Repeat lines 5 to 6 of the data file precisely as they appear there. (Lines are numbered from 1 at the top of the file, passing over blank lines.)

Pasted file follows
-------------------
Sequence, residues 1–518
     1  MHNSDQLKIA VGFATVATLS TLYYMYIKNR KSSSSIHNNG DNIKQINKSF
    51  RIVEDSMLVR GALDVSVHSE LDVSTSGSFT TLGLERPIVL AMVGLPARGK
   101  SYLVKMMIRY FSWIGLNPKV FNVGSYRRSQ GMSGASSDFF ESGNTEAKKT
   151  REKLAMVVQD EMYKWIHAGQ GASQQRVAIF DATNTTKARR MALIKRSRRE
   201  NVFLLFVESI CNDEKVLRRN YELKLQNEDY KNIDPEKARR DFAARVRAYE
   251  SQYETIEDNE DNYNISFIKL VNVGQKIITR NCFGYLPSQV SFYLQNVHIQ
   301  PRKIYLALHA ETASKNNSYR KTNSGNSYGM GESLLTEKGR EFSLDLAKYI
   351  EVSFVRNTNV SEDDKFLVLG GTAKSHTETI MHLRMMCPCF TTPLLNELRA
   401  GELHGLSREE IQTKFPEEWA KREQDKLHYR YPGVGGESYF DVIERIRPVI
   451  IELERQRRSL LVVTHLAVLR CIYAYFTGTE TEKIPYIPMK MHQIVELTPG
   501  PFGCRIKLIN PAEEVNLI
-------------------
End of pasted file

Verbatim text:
   151  REKLAMVVQD EMYKWIHAGQ GASQQRVAIF DATNTTKARR MALIKRSRRE
   201  NVFLLFVESI CNDEKVLRRN YELKLQNEDY KNIDPEKARR DFAARVRAYE